For the month of May, the United States has been observing Asian Pacific American Heritage Month. In this video, we asked speaker, author, and Bible professor, Dr. Christopher Yuan, how Christians, and specifically White Christians, can better love their Asian brothers and sisters.
The entire video is above, and the complete transcript is below.
How can my Caucasian Christian brothers and sisters walk alongside other Asians, and specifically Chinese-American or Asian-American believers?
We need to recognize the context in which many Asians and Chinese-Americans, Asian-Americans, live here in America. We’re kind of stuck between two different generations and two different understandings. Also, especially in the context of talking about race, I think Asians often feel like sort of left out of the picture.
It’s a very important conversation to be had about race and how that influences our understanding of the world, our understanding of Christianity and theology. But when it comes to race there’s a sense where Asians do feel a little bit left out of the picture.
Knowing the background, many of the Asians who came here from whether China or Korea or Japan or other countries in the Far East, they left a lot to come here and they worked their tail off to come here. So there’s a sense where we have elevated this concept of pursuing the American Dream as the goal in life. That then has crept down to us, the second generation of Americans. So recognizing that that can sometimes color how we view things. Education is high priority. Career is high priority. Helping us to center that those things are important, but it’s not the most important thing. It is what is the will of God, whether you are surrendering everything that you are to Him.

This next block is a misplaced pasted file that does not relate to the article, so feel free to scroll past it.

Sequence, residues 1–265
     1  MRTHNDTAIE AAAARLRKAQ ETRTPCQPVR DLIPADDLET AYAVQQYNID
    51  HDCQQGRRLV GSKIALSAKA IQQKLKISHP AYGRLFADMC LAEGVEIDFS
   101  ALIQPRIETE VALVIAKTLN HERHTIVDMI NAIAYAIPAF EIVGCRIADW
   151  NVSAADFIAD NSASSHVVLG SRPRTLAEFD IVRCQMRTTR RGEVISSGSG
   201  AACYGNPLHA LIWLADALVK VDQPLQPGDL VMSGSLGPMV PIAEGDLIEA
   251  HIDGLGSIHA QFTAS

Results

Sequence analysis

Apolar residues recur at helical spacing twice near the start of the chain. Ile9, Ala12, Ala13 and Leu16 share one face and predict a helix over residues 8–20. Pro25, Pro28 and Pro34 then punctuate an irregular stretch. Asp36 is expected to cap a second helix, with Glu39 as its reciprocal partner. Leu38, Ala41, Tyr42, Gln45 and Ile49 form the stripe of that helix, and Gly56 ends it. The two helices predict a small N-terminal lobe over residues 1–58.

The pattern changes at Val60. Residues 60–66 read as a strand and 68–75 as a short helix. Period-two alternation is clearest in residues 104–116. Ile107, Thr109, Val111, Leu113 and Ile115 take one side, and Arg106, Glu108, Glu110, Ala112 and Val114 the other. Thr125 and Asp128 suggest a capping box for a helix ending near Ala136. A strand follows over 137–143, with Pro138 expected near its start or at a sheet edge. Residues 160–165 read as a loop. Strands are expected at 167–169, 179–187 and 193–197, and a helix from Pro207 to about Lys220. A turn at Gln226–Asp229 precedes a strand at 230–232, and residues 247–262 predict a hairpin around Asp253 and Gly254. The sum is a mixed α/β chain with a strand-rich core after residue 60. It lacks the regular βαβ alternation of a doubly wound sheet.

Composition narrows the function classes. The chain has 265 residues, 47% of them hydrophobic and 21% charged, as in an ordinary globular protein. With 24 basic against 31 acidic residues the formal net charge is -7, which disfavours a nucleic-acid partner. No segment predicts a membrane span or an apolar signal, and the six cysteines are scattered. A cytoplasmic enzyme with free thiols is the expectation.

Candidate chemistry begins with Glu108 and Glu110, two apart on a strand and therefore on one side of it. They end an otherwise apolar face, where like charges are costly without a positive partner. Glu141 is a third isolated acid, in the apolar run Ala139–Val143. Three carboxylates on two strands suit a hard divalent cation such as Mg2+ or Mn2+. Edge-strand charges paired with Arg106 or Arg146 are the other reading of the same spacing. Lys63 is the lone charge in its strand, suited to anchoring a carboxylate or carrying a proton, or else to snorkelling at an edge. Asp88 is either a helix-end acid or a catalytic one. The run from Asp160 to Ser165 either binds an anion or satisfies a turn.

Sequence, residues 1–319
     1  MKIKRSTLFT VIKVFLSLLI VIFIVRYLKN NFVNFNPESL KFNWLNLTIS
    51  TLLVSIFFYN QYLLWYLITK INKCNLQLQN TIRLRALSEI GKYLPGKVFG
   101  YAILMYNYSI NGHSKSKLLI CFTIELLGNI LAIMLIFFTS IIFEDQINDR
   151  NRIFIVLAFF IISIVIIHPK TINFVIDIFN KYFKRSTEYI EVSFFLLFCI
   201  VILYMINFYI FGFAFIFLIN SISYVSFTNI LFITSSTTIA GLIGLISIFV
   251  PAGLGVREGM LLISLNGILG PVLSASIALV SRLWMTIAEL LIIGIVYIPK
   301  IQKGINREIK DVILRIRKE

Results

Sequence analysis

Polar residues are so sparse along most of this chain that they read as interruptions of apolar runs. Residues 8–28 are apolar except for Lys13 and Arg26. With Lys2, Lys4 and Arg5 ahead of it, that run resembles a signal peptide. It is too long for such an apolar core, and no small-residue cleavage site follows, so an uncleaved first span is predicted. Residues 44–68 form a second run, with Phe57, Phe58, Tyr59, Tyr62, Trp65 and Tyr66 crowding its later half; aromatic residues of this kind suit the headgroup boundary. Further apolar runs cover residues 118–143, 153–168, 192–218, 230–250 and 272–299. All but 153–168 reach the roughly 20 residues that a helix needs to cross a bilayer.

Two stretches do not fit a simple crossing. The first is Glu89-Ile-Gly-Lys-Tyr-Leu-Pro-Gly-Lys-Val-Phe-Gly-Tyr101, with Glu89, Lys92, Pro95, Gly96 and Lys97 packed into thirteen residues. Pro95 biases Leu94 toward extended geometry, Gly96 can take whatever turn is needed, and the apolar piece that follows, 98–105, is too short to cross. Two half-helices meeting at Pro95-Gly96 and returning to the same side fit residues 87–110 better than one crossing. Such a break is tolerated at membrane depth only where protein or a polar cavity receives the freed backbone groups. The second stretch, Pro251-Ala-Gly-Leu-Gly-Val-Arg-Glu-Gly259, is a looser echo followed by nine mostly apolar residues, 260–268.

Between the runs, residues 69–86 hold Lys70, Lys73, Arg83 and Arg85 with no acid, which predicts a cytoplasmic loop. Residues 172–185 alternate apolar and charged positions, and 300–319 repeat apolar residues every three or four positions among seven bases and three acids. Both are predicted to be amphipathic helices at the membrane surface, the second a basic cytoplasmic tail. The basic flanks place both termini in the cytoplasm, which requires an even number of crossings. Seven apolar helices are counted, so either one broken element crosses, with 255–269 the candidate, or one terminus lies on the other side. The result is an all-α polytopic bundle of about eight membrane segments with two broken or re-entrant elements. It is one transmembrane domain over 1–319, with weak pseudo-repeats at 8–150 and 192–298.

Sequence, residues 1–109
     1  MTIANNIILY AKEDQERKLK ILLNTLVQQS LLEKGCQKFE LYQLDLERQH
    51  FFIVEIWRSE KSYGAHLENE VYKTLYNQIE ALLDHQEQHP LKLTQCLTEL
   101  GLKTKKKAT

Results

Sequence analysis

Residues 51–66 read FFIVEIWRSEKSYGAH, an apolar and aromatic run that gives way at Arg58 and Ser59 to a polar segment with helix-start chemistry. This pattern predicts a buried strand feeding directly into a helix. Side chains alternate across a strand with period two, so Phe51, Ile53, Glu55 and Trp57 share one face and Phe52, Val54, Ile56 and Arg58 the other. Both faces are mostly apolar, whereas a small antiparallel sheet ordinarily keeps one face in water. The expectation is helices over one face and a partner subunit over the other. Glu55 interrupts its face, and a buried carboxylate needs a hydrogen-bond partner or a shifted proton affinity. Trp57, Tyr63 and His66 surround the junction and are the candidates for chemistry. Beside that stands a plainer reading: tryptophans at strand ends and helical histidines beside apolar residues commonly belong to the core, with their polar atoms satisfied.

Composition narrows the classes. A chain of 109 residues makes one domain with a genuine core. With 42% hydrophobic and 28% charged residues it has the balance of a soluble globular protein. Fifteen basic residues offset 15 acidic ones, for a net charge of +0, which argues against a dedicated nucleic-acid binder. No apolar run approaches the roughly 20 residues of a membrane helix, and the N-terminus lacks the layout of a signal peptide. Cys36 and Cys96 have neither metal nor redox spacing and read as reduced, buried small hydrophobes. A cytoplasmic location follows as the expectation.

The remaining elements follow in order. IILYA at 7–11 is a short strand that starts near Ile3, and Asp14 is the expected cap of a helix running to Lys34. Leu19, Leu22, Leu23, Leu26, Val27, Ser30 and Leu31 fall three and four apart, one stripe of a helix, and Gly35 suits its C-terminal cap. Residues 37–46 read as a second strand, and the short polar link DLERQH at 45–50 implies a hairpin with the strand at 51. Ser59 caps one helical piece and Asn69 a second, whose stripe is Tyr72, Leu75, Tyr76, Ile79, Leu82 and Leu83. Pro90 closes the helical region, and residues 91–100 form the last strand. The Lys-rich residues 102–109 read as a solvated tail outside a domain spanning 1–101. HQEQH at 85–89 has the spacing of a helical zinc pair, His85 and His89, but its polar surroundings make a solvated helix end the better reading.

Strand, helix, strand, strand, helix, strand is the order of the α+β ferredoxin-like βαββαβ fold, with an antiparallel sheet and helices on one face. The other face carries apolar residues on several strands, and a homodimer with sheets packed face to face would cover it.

But there’s also this tough paradigm that we, as Asians, live in because there’s a sense in which we can say that we don’t receive much privilege because we’re a minority. But also there’s a sense in which we do receive some privilege, such as with parents who are together, husband and wife. Family is such a big priority. Education is a big priority. And because of the hard-working parents, they often, even though they started with nothing coming to this country, within a few years accumulated a lot of wealth and live well. So in a sense I view that as a privilege. So understanding that though privilege is an issue, but it’s something that Asians kind of see both sides of the coin.
But honestly, for me, I view that above everything that though racism and privilege are issues, at the core of all of this I see these really as secondary issues. At the core we all are wrestling with our own sin nature. Racism and privilege stem from a sin nature. You go to Asia and there is racism there—believe me—and there’s very few Caucasians.
So the problem is our sin nature and what we need to all be reminded of together is that sin is a problem, Christ is the answer. If Christ is the answer then that also means that the body of Christ, the local church, has to be involved. So help us to be involved and connected with the body of Christ so that we, together, can live in victory in Christ by grace through faith.